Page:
We can only hope … and pray… and vote responsibly in November.

(3) Last night’s PBS News Hour story about the housing market featured a clip of President Obama speaking plain sense in contradiction to decades of disastrous Democratic Party housing policies:

If you want a house you got to save for a while. You got to wait until you have 20 percent down. You should go for a mortgage that you know you can afford.

You’ve got to — there shouldn’t be any surprises out there, right? That kind of traditional thinking about saving and thinking about the house not as something that is always going up 20 percent every year and you’re going to flip and take out home equity loans and all that….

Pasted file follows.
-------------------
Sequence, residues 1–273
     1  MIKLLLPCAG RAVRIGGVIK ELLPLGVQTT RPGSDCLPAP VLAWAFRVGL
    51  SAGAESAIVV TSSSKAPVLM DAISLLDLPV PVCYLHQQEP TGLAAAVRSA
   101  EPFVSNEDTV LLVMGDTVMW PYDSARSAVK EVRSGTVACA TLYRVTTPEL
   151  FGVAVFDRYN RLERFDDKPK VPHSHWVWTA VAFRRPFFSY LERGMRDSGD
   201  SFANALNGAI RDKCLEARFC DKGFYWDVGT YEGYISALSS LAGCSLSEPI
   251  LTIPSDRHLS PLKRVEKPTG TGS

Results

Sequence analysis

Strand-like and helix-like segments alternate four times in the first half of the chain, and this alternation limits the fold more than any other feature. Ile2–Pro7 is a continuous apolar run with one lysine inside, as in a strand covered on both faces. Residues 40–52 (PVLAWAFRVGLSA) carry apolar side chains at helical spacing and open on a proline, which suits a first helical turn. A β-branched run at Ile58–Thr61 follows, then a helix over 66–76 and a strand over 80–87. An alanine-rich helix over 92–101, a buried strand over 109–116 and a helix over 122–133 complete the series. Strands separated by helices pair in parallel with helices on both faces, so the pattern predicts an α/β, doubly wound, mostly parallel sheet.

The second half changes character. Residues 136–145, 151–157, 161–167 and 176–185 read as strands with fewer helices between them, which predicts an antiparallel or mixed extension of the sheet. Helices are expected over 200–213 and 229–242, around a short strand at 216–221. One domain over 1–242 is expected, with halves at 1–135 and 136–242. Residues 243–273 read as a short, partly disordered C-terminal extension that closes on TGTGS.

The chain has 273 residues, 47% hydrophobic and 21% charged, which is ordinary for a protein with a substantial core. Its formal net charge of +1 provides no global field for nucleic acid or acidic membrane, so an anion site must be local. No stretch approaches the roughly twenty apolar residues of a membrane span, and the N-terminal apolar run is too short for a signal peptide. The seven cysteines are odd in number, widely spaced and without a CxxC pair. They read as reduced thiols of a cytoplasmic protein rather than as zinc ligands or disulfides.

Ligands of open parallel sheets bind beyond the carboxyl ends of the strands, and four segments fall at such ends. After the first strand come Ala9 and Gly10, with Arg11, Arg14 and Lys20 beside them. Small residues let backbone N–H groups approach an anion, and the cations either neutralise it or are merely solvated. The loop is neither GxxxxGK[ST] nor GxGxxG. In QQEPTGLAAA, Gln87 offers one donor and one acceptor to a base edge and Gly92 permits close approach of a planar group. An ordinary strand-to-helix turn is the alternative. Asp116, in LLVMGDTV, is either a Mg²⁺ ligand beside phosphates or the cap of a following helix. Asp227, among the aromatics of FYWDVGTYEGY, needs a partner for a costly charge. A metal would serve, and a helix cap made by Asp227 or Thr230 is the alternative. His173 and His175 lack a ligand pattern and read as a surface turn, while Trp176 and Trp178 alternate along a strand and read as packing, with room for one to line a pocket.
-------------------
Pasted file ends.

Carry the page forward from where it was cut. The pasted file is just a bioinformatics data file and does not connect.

I know it’s too much to expect the Dems to admit their role in causing the mortgage meltdown by subverting such prudent and responsible borrowing…but is it too much to hope that they’ve seen the error of their ways, even if they lack the integrity to admit it?

(4) Per the LA Times, CA Gov candidate Meg Whitman suddenly is under fire for having an undocumented maid as “Former Whitman housekeeper alleges she was treated like garbage”:

The California governor’s race took on a circus-like atmosphere Wednesday as a former housekeeper for Meg Whitman alleged the Republican gubernatorial nominee employed her for nearly nine years, even though Whitman knew the housekeeper was in the country illegally.